Cross-border yuan trade settlement has deviated from its original policy target of alleviating pressures on the country’s bulging foreign exchange reserves, the People’s Daily reported on Tuesday.
A rapid accumulation in foreign reserves has created complicated issues for monetary policy at the time of high inflation, and the yuan settlement scheme has only been “counterproductive,” said the newspaper.
“The original plan was to encourage using yuan settlement in exports, however, in cross-border trade settlements, the share of imports accounts for 80 percent,” the newspaper said.
China maintains a capital account control which proscribes free convertibility of yuan. To do so, the central bank has to constantly mop up foreign currencies in the banking system resulting from foreign trade, while effectively injecting an equivalent amount of the local currency into the banks.
This has become difficult as policymakers are taking monetary tightening measures to curb elevated inflation.
The country’s foreign exchange reserves stood at $3.2 trillion at the end of June, up about 30 percent year-on-year.
For imports, the foreign counterparts are willing to accept yuan because they are betting on yuan appreciation, but, for exports, only 10 to 20 percent of the foreign traders pay in yuan, the People’s Daily reported, citing an unnamed employee in Bank of China’s Shanghai branch, who has been involved in the yuan settlement pilot programs.
China now has pilot cross-border yuan settlement programs in 20 provinces and municipalities.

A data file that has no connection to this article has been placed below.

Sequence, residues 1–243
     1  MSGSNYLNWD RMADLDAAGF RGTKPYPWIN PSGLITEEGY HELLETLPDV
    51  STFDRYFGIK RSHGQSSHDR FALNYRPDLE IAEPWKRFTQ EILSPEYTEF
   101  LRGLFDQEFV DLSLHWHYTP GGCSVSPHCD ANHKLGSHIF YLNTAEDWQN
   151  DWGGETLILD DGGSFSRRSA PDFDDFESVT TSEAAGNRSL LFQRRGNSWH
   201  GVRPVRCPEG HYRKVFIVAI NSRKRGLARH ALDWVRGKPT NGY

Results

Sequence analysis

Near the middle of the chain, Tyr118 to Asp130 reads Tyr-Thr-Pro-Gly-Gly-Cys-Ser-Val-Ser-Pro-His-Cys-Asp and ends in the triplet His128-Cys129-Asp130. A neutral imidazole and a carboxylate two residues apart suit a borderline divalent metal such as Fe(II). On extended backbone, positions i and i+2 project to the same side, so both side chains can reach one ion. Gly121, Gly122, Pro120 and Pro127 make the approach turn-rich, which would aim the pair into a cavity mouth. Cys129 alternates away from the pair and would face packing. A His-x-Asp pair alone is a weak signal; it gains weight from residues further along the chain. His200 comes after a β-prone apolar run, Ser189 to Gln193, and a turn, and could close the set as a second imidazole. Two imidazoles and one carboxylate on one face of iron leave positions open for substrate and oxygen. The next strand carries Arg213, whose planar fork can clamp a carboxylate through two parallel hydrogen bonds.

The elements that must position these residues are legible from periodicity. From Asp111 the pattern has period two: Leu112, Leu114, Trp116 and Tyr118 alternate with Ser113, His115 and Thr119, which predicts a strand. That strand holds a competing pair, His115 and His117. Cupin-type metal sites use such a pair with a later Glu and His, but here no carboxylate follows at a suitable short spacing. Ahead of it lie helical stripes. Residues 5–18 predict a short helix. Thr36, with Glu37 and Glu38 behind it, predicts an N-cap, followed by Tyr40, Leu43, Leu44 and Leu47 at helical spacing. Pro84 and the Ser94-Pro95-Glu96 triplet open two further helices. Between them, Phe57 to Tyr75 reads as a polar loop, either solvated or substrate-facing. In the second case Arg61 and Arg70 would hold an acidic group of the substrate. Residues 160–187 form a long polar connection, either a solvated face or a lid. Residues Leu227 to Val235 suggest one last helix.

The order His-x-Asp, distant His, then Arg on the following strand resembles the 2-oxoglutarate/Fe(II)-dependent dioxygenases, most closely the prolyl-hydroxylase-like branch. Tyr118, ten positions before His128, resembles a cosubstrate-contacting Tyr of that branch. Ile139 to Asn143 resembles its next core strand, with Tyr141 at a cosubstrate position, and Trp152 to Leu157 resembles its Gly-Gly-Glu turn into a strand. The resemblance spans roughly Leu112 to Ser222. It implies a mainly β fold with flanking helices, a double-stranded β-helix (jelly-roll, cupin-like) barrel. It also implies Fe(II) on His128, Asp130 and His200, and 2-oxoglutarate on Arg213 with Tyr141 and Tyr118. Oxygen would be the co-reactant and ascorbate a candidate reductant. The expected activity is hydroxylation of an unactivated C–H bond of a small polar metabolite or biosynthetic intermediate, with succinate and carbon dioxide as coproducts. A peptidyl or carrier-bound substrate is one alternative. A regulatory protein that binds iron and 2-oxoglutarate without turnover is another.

At the end of April, the total yuan settlements since the beginning of the program in 2009 reached beyond 1 trillion yuan ($155 billion), the central bank said.
“The expansion of cross-border yuan settlement is largely dependent on the expectation of a short-term appreciation of the currency. What about when the expectation ends?” said Liu Shengjun, deputy director of CEIBS Lujiazui International Finance Research Center in Shanghai.
For the internationalization of yuan, there should be an exchange where a variety of financial products can be traded in yuan so that investors can get reasonable returns from their yuan investments, Liu said.
“Domestic financial innovation, reform and liberalization should be deepened,” he added.
“I think the Chinese government is very determined to keep internationalizing the yuan, and trade settlement is a major channel to do so. The next step will be to promote the use of yuan on capital and financial account items,” said Frances Cheung, a senior strategist at Crédit Agricole CIB in Hong Kong.
The French bank expects 20 percent of China’s trade to be settled in yuan in 2013.